You know those odd-looking motorcycles you’ve seen leading old-timey bicyclists around wooden velodromes? They look like steampunk contraptions, complete with dapper leather-clad riders. They were called pacing bikes, or stayer machines, used for motor-paced cycling.
From what we gather, the motorcyclist is the pacer and the bicyclist is the stayer. They’re not meant to touch, though a rolling bar extended from the rear of the motorcycle would stiff-arm a cyclist if he got too close. The pacer creates a slipstream that the stayer can ride within, allowing speeds not achievable by a solitary bicyclist.
In 1903, an American cyclist died after his rear tire exploded at nearly 62mph, causing him to fall in front of another pacing bike. The New York Times reported that the motorcycle “crushed the prostrate man in a dreadful manner.” A 1909 crash in Germany resulted in 9 deaths when a pacing machine landed in the stands.
We wondered why the heck the handlebars were so long and why the riders sat so far back on the bike. Basically, these guys were trying to get big. Standing tall, as upright as possible, provided a big windbreak for the cyclist to tuck in behind.
According to historian, Peter Nye, American cyclist Bobby Walthour (above) collected an impressive inventory of injuries over his career: 28 fractures of the right collarbone, 18 of the left, 32 broken ribs, and 60 stitches to his face and head.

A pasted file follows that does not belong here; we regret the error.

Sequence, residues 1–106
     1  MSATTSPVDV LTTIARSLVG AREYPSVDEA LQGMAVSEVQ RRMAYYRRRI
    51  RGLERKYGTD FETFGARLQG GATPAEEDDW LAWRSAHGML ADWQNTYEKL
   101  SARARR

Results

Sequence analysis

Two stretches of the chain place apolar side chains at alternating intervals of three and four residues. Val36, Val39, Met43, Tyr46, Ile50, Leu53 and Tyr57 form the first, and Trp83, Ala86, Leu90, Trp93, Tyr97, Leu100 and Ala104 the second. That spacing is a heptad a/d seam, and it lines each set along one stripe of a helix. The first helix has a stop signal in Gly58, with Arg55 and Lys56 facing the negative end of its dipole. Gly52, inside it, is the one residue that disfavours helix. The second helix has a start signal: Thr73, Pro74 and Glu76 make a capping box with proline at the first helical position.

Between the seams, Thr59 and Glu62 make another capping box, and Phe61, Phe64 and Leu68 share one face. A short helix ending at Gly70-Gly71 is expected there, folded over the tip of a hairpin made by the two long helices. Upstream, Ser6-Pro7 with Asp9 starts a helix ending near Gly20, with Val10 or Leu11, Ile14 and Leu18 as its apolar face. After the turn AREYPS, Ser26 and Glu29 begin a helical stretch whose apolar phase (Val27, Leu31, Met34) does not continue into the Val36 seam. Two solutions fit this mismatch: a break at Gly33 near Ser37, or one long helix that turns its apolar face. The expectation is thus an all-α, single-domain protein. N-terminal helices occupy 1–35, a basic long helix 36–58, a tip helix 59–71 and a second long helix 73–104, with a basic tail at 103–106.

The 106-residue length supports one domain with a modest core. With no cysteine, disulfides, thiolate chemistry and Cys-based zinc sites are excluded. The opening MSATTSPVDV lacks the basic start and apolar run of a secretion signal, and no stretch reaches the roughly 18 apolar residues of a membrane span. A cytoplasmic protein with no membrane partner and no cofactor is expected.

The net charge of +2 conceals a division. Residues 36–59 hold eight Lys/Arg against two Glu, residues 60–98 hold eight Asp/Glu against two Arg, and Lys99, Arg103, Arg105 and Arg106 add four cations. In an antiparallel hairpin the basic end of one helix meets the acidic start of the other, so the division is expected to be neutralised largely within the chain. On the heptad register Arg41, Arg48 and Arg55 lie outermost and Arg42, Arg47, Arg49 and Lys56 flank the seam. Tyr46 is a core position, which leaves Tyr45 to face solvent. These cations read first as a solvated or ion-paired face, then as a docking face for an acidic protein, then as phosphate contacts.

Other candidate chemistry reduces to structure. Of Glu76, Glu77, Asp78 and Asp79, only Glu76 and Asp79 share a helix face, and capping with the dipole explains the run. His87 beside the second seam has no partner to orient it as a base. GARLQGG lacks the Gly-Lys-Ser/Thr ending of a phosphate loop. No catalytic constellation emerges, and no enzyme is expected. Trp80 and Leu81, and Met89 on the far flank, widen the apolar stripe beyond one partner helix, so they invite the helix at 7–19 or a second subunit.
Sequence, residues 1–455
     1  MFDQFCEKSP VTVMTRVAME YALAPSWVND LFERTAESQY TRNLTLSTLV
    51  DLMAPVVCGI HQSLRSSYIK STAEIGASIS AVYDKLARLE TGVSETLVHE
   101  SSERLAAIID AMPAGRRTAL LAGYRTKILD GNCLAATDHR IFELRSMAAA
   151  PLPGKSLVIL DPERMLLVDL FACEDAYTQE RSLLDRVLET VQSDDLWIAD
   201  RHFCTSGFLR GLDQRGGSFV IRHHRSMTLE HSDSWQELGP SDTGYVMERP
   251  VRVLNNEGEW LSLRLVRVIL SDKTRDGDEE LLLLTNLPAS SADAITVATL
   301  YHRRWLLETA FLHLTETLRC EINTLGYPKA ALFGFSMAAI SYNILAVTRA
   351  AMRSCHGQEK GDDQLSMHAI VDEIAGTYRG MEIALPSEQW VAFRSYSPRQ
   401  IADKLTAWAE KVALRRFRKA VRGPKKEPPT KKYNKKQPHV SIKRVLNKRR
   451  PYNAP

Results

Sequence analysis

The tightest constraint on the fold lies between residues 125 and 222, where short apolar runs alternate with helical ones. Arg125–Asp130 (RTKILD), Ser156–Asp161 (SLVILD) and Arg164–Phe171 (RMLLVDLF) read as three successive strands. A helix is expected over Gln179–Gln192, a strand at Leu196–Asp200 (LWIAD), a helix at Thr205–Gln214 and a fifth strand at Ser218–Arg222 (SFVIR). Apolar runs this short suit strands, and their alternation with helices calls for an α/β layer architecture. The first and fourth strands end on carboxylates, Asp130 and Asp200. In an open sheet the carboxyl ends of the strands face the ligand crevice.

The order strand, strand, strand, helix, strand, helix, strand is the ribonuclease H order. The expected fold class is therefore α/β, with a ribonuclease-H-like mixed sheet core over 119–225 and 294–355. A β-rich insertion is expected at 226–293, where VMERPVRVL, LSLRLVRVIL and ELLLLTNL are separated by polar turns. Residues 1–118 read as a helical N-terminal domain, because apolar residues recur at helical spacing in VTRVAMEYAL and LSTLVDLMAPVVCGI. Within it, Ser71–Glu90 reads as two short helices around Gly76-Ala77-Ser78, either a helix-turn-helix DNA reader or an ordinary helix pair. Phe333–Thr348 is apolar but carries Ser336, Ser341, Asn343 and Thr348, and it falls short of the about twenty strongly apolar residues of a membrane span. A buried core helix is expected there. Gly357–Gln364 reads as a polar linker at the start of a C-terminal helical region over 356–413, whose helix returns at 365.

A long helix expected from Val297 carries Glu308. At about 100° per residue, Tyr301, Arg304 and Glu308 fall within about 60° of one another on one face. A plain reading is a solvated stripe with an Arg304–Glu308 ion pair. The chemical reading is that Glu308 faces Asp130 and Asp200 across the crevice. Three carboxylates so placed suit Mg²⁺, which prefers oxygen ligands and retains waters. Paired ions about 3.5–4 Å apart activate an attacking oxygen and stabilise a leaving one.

Not limited to board tracks, motor-paced racing would also employ cinder tracks. Pictured above is Fallowfield Stadium in Manchester, England.
For an exhibition run at the 1952 Silverstone GP, Jose Meiffret (above) was paced by GP world champ, Geoff Duke aboard a Norton. Check out the massive chain ring on Jose’s bike.
Stayer machines go way back. Check out this 1924 MAG Pacing Bike with its 1093cc V-Twin that was used at the Paris Velodrome. The antique motorcycle specialists at Yesterdays describe this beast as having been used on cycle tracks till relatively recently, “because it was very difficult to find modern machines that could match their enormous flexibility. Without clutch or gears, such a machine could accelerate very steadily without jerking from almost walking speed to about a hundred kilometers per hour. This machine has primary drive by chain to a countershaft and secondary drive by belt.”
It didn’t take long for us to become enamored with the history of motor-paced cycling. Much like board track motorcycle racing, we’ve got another cool motorcycle genre to conjure up and daydream about on rainy days.
The vintage pics that we colored and schnazzed-up were originally found at the blog of bicycle historian and writer, Andrew Ritchie.
The side views of the pacing bikes were found at Yesterdays.